OCEAN CITY — Just when an informal email or text message conversation between elected officials runs afoul of the Open Meetings Act became the topic of an interesting discussion this week.
Although the public wouldn’t know, it is likely not unusual for members of the Mayor and Council to exchange ideas or discuss official city business in an informal text message or email thread. Councilmembers can and do communicate frequently via email or text, but just when do those conversations represent a quorum and perhaps should be more appropriately be discussed in an announced meeting, even if it is an announced closed session?
That was a question raised by Councilman Tony DeLuca during the public comment period of Monday’s meeting. City Solicitor Heather Stansbury said her interpretation is if a running group text or email conversation takes place among a quorum of elected officials, in this case four or more members, it should likely be in a scheduled and announced meeting, even if it is a closed session.
“In terms of what can and what cannot be done, the council and elected bodies must follow the Open Meetings Act,” she said. “When a public body has a quorum, they must have a meeting.”
Indeed, language in the state’s Open Meeting Act (OMA) appears to corroborate her interpretation.
“Generally, a quorum can be present either in person or by telephone,” the OMA reads. “Email communications among a quorum, as opposed to between individual members, might constitute a meeting if the emails are so close in time as to show that a quorum was in on the discussion together.”
Stansbury said if a group text or email thread among elected officials feels like it is tiptoeing around the OMA, the conversation should likely be held in a scheduled and announced meeting.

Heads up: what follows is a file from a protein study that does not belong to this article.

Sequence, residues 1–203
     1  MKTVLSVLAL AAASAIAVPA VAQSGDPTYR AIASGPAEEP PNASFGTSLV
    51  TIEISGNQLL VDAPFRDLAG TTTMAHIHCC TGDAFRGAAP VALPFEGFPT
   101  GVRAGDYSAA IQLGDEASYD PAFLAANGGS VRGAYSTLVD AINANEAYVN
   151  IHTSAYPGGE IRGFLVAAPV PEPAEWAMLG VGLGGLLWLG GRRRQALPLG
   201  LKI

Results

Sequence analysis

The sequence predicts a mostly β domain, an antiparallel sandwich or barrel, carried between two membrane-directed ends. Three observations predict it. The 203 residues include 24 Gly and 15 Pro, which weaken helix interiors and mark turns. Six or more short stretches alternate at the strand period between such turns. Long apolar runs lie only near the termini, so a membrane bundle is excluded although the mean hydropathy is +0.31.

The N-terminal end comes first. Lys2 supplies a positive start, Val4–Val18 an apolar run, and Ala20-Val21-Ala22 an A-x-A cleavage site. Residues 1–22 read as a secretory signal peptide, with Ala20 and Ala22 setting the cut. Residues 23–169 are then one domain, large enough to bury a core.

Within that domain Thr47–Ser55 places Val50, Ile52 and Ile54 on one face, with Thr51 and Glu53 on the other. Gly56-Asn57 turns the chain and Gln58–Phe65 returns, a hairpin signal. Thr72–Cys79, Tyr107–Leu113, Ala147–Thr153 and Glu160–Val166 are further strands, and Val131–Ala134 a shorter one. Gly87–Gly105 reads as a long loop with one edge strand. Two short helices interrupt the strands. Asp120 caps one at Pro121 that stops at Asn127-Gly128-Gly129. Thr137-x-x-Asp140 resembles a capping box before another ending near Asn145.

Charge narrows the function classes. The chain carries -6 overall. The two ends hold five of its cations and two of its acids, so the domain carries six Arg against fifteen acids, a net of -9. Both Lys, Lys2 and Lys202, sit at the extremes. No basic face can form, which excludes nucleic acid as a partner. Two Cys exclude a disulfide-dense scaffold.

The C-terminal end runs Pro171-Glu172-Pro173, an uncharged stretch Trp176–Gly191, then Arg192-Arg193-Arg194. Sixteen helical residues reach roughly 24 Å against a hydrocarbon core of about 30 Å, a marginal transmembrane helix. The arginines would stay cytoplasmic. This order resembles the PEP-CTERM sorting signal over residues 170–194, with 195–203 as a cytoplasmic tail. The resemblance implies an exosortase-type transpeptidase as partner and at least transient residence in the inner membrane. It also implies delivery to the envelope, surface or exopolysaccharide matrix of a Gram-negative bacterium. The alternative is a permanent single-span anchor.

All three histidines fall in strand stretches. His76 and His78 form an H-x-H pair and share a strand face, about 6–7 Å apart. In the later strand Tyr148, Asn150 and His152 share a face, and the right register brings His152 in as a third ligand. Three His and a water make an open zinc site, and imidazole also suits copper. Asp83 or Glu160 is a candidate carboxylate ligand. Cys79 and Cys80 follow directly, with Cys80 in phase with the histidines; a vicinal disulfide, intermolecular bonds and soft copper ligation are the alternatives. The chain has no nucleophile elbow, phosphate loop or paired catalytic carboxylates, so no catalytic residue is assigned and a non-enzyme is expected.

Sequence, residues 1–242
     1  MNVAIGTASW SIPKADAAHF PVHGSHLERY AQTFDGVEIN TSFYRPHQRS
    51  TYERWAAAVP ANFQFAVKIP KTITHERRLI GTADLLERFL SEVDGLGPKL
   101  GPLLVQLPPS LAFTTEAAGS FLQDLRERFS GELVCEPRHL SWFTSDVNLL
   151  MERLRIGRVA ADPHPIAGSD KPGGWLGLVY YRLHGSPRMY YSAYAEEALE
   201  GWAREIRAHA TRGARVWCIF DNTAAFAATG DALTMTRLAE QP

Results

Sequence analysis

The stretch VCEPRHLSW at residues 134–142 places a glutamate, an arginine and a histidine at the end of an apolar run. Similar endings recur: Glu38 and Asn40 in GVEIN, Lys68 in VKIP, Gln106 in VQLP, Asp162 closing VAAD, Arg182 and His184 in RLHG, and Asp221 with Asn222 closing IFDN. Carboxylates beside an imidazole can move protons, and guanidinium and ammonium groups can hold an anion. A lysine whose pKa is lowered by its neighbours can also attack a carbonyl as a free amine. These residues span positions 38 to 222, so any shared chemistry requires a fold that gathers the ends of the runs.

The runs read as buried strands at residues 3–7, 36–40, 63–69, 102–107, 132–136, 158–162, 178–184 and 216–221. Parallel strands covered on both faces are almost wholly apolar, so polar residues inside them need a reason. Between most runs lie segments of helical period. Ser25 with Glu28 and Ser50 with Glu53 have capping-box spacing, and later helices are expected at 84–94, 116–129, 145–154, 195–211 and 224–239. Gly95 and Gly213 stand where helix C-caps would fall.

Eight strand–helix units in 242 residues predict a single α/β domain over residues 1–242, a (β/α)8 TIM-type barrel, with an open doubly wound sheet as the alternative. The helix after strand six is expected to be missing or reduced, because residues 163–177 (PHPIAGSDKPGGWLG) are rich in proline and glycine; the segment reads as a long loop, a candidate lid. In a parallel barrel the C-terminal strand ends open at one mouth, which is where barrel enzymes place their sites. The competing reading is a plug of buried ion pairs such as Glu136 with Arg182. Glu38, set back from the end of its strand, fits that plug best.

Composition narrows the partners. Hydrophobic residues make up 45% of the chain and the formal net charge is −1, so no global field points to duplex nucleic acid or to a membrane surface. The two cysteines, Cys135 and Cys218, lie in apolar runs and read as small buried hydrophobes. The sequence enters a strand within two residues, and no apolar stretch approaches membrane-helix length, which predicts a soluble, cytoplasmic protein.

“The Open Meetings Act frowns on group communications by email or text because the public isn’t aware of them,” she said. “The most prudent way is to ask the City Manager or the Council President to place an issue on an agenda.”
Councilman John Gehrig said it is not unusual for the council, or smaller subsets of the council, to have informal conversations about issues in advance of scheduled public meetings. He said those kinds of conversations have always taken place between elected officials, but technology has changed the way they are held.
“When we’re talking about solving a problem or sharing ideas, emails get sent,” he said. “This has been going on for a long time, only now, the medium has changed with emails and texts.”
Again, Stansbury was asked if those types of informal conversations could represent a violation of the OMA.
“It would come down to if it was an intent to run afoul of the Open Meetings Act,” she said. “If you’re trying to conduct business, it would be frowned upon.”
Gehrig said open dialogue among elected officials is often necessary in order to properly vet an important issue. He said not all city business is discussed when the Mayor and Council meet for a couple of hours each week in open public meetings and announced closed session.
“We just don’t show up on a Monday or Tuesday and meet for an hour or so,” he said. “All of us are well-prepared. It’s a 24-7 thing sometimes.”
Councilman Dennis Dare agreed the practice isn’t new, only the technology has changed.
“I believe if I wanted to get out a typewriter and send a letter to the Mayor and Council, I don’t think that would violate the Open Meetings Act,” he said. “I don’t see any difference if I send a memo via email. I think where we go amiss sometimes is when we start communicating as a group.”